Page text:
I am planning to go on vacation end of this month and my time is running short, before I know it the days are gone and I am still left with a mountain of paperwork on my desk. So come today, I have decided on new austerity measures since time is proving to be my most precious & rare commodity

1.  Anything irrelevant goes, that includes emails I don’t really have to read right now or respond to.

2. The to-do list needs an update, so I am scratching out the previous one and making a new one with all the “absolutely” must do tasks which need to be ticked off within a set deadline.

3. Delegate delegate delegate.

4. Get my desk clean – putting all my papers where they need to be, filed, archived, discarded.

5. I am tempted to put off blogging but I did promise myself to post as much new stuff as possible for my readers 🙂

Now I am off to close my outlook, put the phone on silent and just concentrate on one activity at a time.

Meanwhile, for additional reading check out the following article by Steve Tobak over at CBS Money Watch – Five Timeless Leadership Lesson.

Here are five timeless lessons I’ve excerpted. There’s a revelation or two, but there’s nothing like reading Heider’s book all the way through.

Knowing What Is Happening

When you cannot see what is happening in a group, do not stare harder. Relax and look gently with your inner eye.

When you do not understand what a person is saying, do not grasp for every word. Give up your efforts. Become silent inside and listen with your deepest self.

When you are puzzled by what you see or hear, do not strive to figure things out. Stand back for a moment and become calm. When a person is calm, complex events appear simple.

The more you can let go of trying, and the more open and receptive you become, the more easily you will know what is happening.

Stay in the present. The present is more available than either memories of the past or fantasies of the future.


Forget those clever techniques and self-improvement programs, and everyone will be better off.

No teacher can make you be happy, prosperous, healthy, or powerful. No rules or techniques can enforce these qualities.

Polarities, Paradoxes, and Puzzles

All behaviors contain their opposites:
– Hyper-inflation leads to collapse.
– A show of strength suggests insecurity.
– If you want to prosper, be generous.

– Water wears away rock.
– Spirit overcomes force.
– The weak will undo the mighty.

Learn to see things backwards, inside out, and upside down.

All the Answers

Nobody has all the answers. Knowing that you do not know everything is far wiser than thinking that you know a lot when you really don’t. Probably every leader has tried this form of pretense at one time or another.

The wise leader has learned how painful it is to fake knowledge. Being wise and not wanting to bear that pain, the leader does not indulge in pretending. It is a relief to be able to say: “I don’t know.”

The Reward

It is more important to tell the simple, blunt truth than it is to say things that sound good. It is more important to act on behalf of everyone than it is to win arguments. It is more important to react wisely to what is happening than it is to be able to explain everything in terms of certain theories.

The wise leader is not collecting a string of successes. The wise leader knows that the reward for doing the work arises naturally out of the work.

And here’s a bonus lesson that is eerily predictive of our gadget-crazed, always on, instant gratification culture. Keep in mind, it was written more than 25 years ago and adapted from Lao Tzu’s Tao Te Ching, c. 6th century BC.

Time for Reflection

Endless drama clouds consciousness. Too much noise overwhelms the senses. Continual input obscures genuine insight. Do not substitute sensationalism for learning.

Allow regular time for silent reflection. Turn inward and digest what has happened. Let the senses rest and grow still.

Teach people to let go of their superficial mental chatter and obsessions.

When group members have time to reflect, they can see more clearly what is essential in themselves and others.

The Danger of a Single Story

“The single story creates stereotypes, and the problem with stereotypes is not that they are untrue, but that they are incomplete. They make one story become the only story.” (Chimamanda Ngozi Adichie )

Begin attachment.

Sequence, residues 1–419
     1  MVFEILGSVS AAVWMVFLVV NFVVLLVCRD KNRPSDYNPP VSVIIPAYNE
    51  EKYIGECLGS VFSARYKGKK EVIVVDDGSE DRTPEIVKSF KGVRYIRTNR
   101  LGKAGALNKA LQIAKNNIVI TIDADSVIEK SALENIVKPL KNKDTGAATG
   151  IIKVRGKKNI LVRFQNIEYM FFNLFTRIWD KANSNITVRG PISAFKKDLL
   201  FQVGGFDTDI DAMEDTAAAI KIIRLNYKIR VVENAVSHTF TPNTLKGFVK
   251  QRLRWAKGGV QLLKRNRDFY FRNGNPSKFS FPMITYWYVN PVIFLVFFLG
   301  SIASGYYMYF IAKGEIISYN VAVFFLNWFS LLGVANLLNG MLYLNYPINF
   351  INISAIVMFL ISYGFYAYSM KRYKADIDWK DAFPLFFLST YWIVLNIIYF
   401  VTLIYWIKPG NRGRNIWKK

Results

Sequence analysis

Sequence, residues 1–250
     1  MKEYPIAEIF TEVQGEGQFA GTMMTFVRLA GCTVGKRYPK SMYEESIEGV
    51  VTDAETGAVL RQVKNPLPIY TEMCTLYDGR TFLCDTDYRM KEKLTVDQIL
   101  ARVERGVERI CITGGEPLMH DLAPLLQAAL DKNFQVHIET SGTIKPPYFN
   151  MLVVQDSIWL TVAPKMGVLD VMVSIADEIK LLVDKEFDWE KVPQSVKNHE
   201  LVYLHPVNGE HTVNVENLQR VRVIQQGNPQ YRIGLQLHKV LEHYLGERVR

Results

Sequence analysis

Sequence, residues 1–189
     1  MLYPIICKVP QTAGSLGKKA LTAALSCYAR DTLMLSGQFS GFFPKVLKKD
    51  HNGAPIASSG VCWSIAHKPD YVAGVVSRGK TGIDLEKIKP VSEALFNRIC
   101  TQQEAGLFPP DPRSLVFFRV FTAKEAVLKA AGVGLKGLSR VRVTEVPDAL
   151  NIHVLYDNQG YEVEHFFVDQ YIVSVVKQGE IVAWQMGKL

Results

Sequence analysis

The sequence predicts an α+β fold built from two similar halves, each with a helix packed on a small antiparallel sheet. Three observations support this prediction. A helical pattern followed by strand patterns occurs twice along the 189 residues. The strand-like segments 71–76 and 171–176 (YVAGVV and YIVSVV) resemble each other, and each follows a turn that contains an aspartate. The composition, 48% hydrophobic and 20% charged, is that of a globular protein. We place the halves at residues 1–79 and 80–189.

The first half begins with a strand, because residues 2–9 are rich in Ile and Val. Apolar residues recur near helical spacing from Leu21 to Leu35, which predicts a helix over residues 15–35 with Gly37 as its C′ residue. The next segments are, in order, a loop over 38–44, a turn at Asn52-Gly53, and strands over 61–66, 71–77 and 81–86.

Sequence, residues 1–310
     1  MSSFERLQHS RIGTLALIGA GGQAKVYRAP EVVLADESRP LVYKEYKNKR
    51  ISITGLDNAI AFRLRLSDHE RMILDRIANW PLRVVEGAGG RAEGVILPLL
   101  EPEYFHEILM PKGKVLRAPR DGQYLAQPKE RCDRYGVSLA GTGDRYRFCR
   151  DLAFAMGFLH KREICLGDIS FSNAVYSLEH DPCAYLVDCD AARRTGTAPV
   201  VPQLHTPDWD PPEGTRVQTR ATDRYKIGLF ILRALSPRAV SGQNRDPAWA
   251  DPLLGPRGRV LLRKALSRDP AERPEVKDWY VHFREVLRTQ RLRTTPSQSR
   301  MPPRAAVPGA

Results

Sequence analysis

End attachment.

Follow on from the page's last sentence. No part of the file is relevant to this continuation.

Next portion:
I love this talk. I love … love… love how she uses simple every day examples to show how one single story repeated over and over again can become the defining factor in how we perceive something. You can watch the video on TEDTALK by Chimamanda on “The Danger of a Single Story”. 

I love my country but I find it frustrating that I get friends (mostly from the West) who call me up or message me on Facebook asking if I am flooded in. The particular flood that they are concerned about may not even be something that I am aware of and yet it defines how they see Bangladesh. The current political unrest is also something that people are concerned about, not just here but abroad as well. It is defining how our partners – business or development aid – are now seeing our country. Are we just a country that is poverty-stricken, flooded and politically unstable? is that our story?

When I look around me, I see people and I see the potential still left in this country. I look at my friends and I see that each person who helps themselves is one less person who is waiting for someone else to help them. I see the volunteers at all the organizations that I support and I see that there are still people here who believe enough to donate their time, effort and money to help others live a dignified life.

For every garment worker who has been tortured and killed, there are thousands more who has found economic independence and a decent workplace. I see social reformers who are willing to speak up for someone else, even when the message is not something that those in power want to hear. They risk their lives to put the truth out there, to shine a light on the darkness, to preserve the secular, sovereignty that we have. We, the people, should never forget that each one of us is part of a story that affects every one else. Each one of us is creating our own reality and thereby defining the reality of those around us with everything that we say, do and think.

I would rather be known for the hero who lost his life trying to stop the mugging of 2 helpless women. I would rather be known for all the street children who are seeking a better future by making the effort to gain an education. I would rather be remembered for the rickshaw-puller who saved half of his earnings until he had enough to establish a health centre in his village. I would rather remember the outpouring of pledges and donations that this old man got when his story was published in the newspaper. I would rather remember the farmer who started to farm a new vegetable in the off-season to make extra money and in the process ended up bringing prosperity not just for himself but for 5-6 villages in his locality.

Our story is an amalgamation of all these stories, the success and the failures. The many facets and truths that make up the whole.